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Scientists create a black-spot map to prevent road kill of protected amphibians and reptiles

Researchers of the Department of Animal Biology at the University of Granada, in collaboration with the Junta de Andalucia Enviromental Department, have created the first “black-spot” map to prevent road kill of amphibians and reptiles in Andalucía. This peculiar “radiography” shows that in this region there are at least 29 black-spots where it is necessary to act to prevent the death of these animals, most of them protected species.

The research, carried out by professors Juan Manuel Pleguezuelos Gómez and Jesús Caro (University of Granada) and Ricardo Reques (of the company Ornitour), has revealed that the Common Toad and the Montpellier Snake are the amphibian and the reptile most frequently run over, with more than 33% of the total deaths since 2004.

The authors of this research explain that “roads are the barriers which most hamper the movement of amphibians and reptiles”. During the period of time analysed, 57.39% of the dead animals found were reptiles and 42.61% (202) amphibians. Of the 24 species that have been identified, there are 12 amphibians (75% of the amphibian species in the region) and 12 reptiles (42,8% of the reptile species in the area).

Amphibians and ophidians are the most jeopardized species

For the purpose of this research, GPS systems were used to locate all the amphibians and reptiles run over by automobiles, and local herpetologues were asked about the existence of other traffic black-spots for amphibians and reptiles.

Some roads with intense traffic may cause the death of 100% of the amphibians that try to cross them, which threatens to cause their local extinction in some years. Amphibians are more likely to be run over at dusk on rainy days, from autumn to spring, on road sections near areas suitable for reproduction (small lakes, non-permanent pools and brooks, watering holes, etc.).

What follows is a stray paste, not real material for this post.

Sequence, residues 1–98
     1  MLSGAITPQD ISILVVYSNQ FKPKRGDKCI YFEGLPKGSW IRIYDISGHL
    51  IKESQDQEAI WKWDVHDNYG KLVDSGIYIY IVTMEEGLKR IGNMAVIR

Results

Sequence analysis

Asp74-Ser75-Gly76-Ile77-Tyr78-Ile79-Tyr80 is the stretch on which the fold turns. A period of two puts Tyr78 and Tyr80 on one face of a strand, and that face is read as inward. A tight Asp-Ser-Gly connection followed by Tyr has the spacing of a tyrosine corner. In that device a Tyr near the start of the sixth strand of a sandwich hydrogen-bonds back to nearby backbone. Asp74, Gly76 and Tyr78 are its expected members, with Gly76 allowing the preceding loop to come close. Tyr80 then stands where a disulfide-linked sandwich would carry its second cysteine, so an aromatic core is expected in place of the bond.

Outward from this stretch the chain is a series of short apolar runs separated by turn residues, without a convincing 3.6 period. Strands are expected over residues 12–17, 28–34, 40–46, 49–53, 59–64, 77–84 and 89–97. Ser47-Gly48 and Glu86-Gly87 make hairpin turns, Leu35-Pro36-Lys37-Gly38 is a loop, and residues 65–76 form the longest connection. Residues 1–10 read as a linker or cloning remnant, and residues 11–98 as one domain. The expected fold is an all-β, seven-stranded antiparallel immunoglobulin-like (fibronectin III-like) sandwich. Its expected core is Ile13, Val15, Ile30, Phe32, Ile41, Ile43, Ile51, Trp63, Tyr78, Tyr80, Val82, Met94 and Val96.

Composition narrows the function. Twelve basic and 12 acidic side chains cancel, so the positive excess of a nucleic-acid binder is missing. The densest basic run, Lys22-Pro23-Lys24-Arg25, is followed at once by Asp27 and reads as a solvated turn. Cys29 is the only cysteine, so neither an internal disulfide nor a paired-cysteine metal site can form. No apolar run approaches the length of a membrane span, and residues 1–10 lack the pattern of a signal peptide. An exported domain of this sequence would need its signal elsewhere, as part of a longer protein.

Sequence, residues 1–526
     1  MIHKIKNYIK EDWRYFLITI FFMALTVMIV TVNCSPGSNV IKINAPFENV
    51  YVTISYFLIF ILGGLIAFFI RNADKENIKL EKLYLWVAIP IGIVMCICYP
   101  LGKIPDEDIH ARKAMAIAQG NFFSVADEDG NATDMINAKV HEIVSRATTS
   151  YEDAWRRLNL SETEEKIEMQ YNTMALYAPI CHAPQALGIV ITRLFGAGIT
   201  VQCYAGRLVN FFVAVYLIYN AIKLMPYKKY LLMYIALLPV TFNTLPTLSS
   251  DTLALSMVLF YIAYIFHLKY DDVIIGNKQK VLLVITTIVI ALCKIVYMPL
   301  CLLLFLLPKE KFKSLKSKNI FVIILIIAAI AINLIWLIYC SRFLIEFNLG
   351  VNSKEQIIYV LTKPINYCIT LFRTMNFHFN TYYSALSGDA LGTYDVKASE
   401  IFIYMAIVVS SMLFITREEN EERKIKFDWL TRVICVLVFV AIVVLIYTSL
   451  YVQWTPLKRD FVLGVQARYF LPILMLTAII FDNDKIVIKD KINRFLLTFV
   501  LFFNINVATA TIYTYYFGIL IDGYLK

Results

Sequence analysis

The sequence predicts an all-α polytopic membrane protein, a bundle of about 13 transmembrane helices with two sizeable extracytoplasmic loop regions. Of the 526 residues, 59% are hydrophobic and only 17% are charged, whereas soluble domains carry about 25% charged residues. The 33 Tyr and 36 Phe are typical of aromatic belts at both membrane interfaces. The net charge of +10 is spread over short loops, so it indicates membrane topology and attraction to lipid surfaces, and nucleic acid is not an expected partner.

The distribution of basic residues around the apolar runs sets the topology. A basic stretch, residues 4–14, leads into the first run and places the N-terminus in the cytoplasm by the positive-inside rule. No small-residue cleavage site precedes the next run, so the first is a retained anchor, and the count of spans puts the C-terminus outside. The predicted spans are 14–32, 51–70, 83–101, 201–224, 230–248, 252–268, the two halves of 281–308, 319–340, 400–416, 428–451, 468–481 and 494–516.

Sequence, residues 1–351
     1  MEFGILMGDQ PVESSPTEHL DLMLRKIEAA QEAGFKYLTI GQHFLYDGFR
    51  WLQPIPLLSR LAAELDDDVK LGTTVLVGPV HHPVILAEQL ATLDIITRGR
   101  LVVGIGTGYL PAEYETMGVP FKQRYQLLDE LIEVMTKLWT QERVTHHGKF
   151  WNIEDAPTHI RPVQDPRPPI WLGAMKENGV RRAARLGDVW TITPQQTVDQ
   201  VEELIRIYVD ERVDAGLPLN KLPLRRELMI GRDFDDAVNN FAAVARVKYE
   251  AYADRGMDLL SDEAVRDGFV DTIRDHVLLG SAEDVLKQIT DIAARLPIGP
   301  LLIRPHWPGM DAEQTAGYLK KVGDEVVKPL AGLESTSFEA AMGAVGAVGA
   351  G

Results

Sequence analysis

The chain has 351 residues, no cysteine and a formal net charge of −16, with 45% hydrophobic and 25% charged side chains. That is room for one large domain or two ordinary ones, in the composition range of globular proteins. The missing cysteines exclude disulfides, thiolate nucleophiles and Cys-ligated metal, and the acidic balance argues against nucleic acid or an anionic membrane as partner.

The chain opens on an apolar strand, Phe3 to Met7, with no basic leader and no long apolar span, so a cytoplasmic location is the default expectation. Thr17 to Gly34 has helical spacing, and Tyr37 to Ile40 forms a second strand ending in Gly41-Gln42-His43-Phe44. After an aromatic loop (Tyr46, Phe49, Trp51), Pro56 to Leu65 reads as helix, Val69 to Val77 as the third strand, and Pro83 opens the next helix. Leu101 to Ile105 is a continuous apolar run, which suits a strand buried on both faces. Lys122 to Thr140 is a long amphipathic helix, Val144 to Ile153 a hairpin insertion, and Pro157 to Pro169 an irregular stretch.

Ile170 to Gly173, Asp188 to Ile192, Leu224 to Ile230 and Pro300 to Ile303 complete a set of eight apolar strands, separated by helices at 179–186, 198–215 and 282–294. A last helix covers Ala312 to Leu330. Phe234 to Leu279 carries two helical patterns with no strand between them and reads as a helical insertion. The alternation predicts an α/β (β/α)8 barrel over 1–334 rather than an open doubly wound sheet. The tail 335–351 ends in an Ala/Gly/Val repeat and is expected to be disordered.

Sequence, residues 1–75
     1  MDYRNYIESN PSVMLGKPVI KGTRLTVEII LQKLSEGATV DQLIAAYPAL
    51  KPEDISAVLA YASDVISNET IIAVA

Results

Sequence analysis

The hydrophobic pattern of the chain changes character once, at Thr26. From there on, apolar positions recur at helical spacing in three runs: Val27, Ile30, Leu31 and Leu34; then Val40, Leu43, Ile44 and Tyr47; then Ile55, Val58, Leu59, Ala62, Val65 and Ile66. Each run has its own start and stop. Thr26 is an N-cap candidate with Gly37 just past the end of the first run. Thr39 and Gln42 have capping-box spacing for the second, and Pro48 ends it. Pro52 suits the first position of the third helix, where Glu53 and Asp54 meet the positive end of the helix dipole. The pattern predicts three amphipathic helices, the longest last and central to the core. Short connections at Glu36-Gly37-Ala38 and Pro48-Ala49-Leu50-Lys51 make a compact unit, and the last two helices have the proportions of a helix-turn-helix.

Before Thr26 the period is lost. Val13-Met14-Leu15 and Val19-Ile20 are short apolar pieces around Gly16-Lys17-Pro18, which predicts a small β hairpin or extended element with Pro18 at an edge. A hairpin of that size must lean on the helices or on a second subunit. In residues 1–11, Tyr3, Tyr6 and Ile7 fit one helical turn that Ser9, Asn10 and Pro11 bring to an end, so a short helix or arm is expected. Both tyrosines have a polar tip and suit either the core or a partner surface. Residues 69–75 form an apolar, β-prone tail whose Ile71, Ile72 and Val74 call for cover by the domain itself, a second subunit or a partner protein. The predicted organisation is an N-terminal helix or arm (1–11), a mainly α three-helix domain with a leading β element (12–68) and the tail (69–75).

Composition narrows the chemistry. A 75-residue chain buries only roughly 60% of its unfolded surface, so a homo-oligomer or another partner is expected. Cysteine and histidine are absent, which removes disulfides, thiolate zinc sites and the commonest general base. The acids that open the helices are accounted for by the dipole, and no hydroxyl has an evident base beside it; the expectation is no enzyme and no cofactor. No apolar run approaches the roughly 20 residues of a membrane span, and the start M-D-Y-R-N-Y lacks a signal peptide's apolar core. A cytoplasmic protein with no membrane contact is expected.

The Ophidian (snakes) is the reptile most frequently run over, with 92,25% of the total deaths analysed by the researchers of the UGR. Road kills are more frequent during the spring months, as this is when reptiles move because of the rut (may-june), and they affect mainly males looking for mates. Females are more likely to be run over at the end of the spring and the beginning of the summer when they move in search of an appropriate place for laying. There is also an increase in deaths at the end of the summer and the beginning of the autumn due to the dispersion of newborns or when adults show a high level of trophic activity after the summer lethargy.

The length of the 29 black-spots located in Andalucía varies
considerably. “Some of them are not long and affect one or several species of amphibians and reptiles. In the most extensive sections, the whole area may not entail a danger to amphibians or reptiles, but some parts, such as near a watering place, the risk of being run over is very high.

Taking measures

For these reasons, the scientists point out that it is on these sections that measures have to be adopted to reduce the number of animals run over by automobiles. The iniciatives proposed are diverse: the construction of level crossings or subways, the creation of alternative reproductive habitats such as pools or watering holes for amphibians in order to reduce the migration of specimens across roads in search of adequate areas for their reproduction. Or even to limit the traffic on those roads during the periods of high migration, a measure to be adopted only on very particular points where the incidence of road kills is very high.

For reptiles, warning panels or bumps in the most conflictive sections would be the most adequate measures. And also, to act on the vegetation and shelters that attract the herpeto-fauna, as the vegetation close to the roads attracts not only potential prey (micromammals, birds, etc.) but also their predators (Montpellier snakes, Horseshoe Whip snake…).

Furthermore, these researchers consider that Environmental Impact Assessments (EIAs) need to be improved in order to correctly evaluate the impact of new roads on the populations of reptiles and amphibians.

Antonio Marín Ruiz | alfa
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